Conflicting speculations emerged of a recent that the lake would be recharged from the Congo River to the River Chari; which discharges into Lake Chad. While Nigeria’s Foreign Affairs Minister, Geoffrey Onyeama, said the lake recharging would possibly be from the Rangin River – located in Central Africa. However, what is certain is the assiduous commitment to recharge the lake from the nearby rivers – with quantifiable capacities.
Sadly, due to paucity of funds in raising about $20 billion within the members of LCBC, the lake recharging project slated to begin in 2017 is currently crawling and dispels hope of any tangible achievement as the year is about to end – since no significant recharging work is ongoing.
Also, Nigeria championed formulation of Great Green Wall Project geared towards creating green shelter belt (about 10,000 km long from Senegal in the west to Djibouti in the east and 15 km in width) in combating drought and resisting the vast encroachment of Sahara desert into Sahel and Sudan climate regions. The motive behind this commendable initiative is the set target of turning the Sahara and the Sahel regions to agricultural hubs by 2050.
No doubt, the gigantic Great Green Wall project will neutralise ecological imbalances, provide job and food for the teeming population in the Northeast thereby, easing pressure on the Lake Chad basin — if implemented.
According to The Guardian, National Agency for Great Green Wall (NAGGW) is embarking on planting of 1.6 million assorted seedlings to cover 129.3 kilometres of the shelterbelt in seven Nigerian Northern states. And out of N1.05 billion approved to carry out this ambitious project in 2017 budget allocation, only N200 million was released to NAGGW. Currently, the project is as well at a standstill.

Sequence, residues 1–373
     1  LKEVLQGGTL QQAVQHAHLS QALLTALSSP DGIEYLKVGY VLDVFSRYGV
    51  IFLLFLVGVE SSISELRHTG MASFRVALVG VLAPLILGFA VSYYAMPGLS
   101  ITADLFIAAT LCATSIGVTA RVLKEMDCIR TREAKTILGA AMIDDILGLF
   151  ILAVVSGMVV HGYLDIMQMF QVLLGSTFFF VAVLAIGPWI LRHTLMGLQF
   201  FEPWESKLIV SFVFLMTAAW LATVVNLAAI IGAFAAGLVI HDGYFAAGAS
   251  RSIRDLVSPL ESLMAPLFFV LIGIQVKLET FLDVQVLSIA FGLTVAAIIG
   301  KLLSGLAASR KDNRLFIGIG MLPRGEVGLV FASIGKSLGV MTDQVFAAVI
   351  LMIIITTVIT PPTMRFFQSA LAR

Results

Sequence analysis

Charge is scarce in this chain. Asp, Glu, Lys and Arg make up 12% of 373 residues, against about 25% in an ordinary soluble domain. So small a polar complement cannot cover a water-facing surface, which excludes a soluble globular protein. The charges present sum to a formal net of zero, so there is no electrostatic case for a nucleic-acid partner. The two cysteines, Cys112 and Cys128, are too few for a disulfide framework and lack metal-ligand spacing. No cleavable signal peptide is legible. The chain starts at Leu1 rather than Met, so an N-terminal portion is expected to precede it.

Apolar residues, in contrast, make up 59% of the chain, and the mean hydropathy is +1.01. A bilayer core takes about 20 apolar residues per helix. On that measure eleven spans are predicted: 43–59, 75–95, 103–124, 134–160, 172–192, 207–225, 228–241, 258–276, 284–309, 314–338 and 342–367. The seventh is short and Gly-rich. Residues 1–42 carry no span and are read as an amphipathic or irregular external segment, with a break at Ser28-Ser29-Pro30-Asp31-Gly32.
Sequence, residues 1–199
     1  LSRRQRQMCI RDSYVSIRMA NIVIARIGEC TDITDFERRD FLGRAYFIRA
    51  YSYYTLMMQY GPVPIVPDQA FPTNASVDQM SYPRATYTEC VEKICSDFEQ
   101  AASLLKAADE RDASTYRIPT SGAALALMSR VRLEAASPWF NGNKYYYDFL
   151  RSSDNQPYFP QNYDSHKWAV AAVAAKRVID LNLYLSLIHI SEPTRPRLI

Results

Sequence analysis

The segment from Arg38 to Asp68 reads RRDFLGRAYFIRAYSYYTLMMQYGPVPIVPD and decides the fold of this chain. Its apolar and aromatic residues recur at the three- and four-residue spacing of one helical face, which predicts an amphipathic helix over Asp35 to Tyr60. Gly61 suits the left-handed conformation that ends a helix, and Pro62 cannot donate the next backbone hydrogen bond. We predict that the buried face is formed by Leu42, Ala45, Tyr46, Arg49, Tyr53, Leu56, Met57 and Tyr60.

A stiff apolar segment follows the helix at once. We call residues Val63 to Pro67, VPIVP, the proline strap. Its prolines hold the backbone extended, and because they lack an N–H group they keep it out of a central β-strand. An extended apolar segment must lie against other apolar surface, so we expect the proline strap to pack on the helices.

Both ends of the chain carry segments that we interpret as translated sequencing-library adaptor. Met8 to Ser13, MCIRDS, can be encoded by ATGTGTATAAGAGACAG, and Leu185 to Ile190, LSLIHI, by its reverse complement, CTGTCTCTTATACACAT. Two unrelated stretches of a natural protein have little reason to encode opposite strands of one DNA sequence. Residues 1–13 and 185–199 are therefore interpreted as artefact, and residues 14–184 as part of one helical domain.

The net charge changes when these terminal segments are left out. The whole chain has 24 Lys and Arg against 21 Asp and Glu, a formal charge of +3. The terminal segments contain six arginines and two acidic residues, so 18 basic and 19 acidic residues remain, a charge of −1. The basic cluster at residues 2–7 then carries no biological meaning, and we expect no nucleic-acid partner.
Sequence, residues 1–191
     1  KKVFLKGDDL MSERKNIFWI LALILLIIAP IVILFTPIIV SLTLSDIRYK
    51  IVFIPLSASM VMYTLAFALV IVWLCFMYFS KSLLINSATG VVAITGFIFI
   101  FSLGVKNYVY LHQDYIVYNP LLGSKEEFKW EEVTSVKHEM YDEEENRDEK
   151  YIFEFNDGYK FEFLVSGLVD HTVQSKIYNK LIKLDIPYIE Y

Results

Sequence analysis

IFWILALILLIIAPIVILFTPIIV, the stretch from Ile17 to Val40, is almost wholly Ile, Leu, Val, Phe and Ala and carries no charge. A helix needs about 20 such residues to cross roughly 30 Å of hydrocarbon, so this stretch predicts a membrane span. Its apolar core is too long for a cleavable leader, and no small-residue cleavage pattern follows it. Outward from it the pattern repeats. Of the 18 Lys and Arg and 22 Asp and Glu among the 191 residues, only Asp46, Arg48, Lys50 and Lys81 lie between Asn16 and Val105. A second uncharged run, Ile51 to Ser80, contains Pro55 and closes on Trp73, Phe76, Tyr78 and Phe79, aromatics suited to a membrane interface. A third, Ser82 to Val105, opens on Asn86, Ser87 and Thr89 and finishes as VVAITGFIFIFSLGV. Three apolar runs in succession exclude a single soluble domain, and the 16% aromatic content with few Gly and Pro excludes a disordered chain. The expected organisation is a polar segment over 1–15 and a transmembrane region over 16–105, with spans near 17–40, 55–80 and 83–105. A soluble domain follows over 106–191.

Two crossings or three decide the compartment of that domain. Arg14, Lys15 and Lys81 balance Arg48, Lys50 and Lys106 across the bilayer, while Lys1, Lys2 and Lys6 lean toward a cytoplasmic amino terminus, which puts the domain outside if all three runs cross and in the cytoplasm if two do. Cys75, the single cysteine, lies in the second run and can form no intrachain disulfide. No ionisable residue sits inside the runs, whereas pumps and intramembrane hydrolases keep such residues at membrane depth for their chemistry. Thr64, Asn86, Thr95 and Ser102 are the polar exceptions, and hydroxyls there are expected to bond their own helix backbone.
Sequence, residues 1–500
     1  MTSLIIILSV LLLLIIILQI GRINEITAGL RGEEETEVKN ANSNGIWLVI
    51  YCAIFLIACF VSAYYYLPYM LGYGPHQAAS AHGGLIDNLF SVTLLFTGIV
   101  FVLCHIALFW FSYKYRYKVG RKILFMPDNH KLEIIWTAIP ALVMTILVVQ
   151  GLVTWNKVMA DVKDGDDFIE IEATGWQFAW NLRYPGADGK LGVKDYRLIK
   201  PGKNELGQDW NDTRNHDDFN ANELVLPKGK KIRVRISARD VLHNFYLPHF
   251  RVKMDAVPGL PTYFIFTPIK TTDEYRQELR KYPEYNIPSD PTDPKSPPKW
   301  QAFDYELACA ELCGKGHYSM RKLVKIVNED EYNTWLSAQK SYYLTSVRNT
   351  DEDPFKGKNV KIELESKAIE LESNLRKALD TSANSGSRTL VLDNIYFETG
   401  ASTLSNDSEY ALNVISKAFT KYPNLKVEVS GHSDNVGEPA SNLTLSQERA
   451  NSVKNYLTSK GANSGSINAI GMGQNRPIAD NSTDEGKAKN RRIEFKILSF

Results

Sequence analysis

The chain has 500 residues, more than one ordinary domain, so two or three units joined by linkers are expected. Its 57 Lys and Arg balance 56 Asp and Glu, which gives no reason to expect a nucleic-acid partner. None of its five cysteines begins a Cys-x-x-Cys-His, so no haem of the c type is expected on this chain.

Barack Obama once affirmed how the drying Lake Chad is a major factor in the migration of Africans to the west and laid premium emphasis on the urgent need to revive the lake towards forestalling exacerbation of climate migration in Africa.
Concerned climate justice advocates wonder why these ambitious projects promising of bringing succour to the region could be crawling. The scenario portrays good policy crafting but poor attitudinal disposition towards implementation of plans by Nigerian government. It won’t be out place to infer that Nigeria indeed has good intentions engraved on paper in combating the multifaceted climate challenges but there is a wide apprehension that the projects are dead on arrival. As it becomes evident that the government mulls over the ambitious projects and exhibits lack of political will in bringing them to reality.
It is quite sadden that nobody could envisage how long or how soon the climate challenges in the region will end. The helpless and vulnerable populations in the Northeast Nigeria are left to bask in the untoward consequences of climate change. And this is a brewing humanitarian crisis that could rattle African regions — if not proactively tackled.
By Odewale Abayomi Joseph (Climate advocate and ICFJ Migration and Climate Fellow; @ODEWALEAbayomi)